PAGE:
Review of Duet

Duet Duet
by Elise Broach; illus. by Ziyue Chen
Intermediate    Ottaviano/Little, Brown    304 pp.    g
5/22    978-0-316-31135-9    $16.99
e-book ed.  978-0-316-31155-7    $9.99

Mirabelle, a goldfinch with a sparkling personality, narrates this engaging music-focused mystery con brio. She attributes her excellent taste in music to listening through the window to a world-renowned pianist, and she’s intrigued by his unappreciative, sulky new student, Michael. When Michael finally tries out the piano, she can’t resist singing along with him to Chopin’s Minute Waltz: “It’s as if the song is singing me…Am I still made of bones and skin and feathers? No. I am only song.” Mirabelle’s singing inspires Michael, and the two continue their duets as Michael prepares for a Chopin contest. Broach skillfully incorporates bits of bird lore and information about both Chopin (including the macabre story of his heart) and his life partner, George Sand. As in Broach’s previous books Masterpiece (rev. 11/08) and Shakespeare’s Secret, a historic object is missing—this time, Chopin’s piano. The pace is brisk, and Mirabelle faces multiple dilemmas (beyond her secret duets), involving newly hatched siblings, a dangerous cat, and a desperately ill man. Broach gives her heroine true self-determination and emotional growth, as the little bird ponders her situation: “What’s the difference between a secret and a lie? A secret probably feels like a lie to someone who loves you.” A final note sorts out historical fact from fiction.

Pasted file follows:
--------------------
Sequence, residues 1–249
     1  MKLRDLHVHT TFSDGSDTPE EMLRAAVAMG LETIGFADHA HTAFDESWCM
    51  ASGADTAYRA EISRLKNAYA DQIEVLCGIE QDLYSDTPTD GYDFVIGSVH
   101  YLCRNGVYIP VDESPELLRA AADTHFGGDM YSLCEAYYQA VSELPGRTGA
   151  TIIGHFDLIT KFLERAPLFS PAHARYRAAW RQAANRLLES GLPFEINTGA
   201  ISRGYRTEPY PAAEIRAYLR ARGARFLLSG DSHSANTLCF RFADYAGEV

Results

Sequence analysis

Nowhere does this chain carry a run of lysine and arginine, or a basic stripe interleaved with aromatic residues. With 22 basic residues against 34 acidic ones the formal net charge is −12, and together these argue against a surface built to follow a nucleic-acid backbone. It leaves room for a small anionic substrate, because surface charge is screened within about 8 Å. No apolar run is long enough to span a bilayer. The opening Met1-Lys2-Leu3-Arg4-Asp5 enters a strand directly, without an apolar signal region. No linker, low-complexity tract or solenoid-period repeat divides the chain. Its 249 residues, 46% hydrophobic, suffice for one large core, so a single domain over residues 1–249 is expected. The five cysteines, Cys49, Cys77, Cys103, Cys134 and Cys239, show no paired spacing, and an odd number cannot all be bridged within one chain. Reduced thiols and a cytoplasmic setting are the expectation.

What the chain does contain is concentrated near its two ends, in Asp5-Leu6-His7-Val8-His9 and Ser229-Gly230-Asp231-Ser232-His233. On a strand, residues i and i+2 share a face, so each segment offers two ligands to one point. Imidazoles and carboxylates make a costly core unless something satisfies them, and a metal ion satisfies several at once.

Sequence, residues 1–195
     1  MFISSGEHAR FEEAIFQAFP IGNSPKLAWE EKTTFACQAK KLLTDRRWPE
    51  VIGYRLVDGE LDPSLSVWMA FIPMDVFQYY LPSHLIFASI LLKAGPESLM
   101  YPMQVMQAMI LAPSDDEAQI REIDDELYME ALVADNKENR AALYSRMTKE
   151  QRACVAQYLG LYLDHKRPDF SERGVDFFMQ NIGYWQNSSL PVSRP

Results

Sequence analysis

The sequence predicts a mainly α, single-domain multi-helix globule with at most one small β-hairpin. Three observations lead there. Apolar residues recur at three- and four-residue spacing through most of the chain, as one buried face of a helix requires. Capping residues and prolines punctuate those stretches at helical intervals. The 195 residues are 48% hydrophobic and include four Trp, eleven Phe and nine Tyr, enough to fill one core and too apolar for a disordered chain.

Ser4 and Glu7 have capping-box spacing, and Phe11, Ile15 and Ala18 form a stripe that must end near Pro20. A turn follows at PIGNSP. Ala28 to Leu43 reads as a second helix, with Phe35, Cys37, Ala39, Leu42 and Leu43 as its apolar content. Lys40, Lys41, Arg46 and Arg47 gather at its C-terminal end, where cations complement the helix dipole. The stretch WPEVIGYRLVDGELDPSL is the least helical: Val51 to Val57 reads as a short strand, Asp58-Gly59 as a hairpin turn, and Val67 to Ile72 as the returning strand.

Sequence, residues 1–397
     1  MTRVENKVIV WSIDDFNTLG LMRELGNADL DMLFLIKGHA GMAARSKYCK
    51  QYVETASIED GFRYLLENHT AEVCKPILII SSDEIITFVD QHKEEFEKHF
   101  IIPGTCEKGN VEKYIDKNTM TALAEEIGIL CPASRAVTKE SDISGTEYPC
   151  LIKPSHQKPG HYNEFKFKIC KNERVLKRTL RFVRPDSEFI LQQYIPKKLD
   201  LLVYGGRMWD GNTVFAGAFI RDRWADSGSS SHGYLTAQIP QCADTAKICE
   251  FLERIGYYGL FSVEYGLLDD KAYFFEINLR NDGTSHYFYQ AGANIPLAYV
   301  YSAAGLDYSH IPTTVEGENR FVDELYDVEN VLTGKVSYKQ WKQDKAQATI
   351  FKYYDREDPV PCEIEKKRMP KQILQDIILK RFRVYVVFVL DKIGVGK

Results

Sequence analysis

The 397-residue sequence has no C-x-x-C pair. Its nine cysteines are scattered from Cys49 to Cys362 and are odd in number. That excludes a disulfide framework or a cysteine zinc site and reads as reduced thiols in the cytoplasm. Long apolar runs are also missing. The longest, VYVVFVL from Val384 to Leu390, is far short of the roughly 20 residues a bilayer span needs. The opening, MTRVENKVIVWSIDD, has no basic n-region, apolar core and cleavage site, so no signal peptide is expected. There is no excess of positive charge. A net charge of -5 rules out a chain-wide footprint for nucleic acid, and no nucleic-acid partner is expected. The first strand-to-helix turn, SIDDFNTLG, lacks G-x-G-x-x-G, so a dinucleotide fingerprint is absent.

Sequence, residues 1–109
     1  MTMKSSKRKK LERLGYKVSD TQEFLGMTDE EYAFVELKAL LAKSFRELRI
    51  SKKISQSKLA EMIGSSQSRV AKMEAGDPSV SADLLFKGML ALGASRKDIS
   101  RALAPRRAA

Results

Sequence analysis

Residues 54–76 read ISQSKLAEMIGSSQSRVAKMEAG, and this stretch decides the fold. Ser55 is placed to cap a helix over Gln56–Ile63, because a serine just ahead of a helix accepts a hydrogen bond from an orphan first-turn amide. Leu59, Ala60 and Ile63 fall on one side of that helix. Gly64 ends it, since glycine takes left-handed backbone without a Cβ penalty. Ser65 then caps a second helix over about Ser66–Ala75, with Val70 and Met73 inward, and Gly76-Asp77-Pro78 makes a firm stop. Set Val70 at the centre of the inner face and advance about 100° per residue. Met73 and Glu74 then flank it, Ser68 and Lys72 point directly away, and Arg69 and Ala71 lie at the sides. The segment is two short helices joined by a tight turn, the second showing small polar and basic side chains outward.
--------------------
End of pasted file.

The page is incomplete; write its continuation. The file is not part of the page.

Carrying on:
From the May/June 2022 issue of The Horn Book Magazine.

Susan Dove Lempke
Susan Dove Lempke
Susan Dove Lempke is a Horn Book reviewer and director of the Niles Public Library District in Illinois.

Be the first reader to comment.

Comment Policy:
  • Be respectful, and do not attack the author, people mentioned in the article, or other commenters. Take on the idea, not the messenger.
  • Don't use obscene, profane, or vulgar language.
  • Stay on point. Comments that stray from the topic at hand may be deleted.
  • Comments may be republished in print, online, or other forms of media.
  • If you see something objectionable, please let us know. Once a comment has been flagged, a staff member will investigate.



We are currently offering this content for free. Sign up now to activate your personal profile, where you can save articles for future viewing.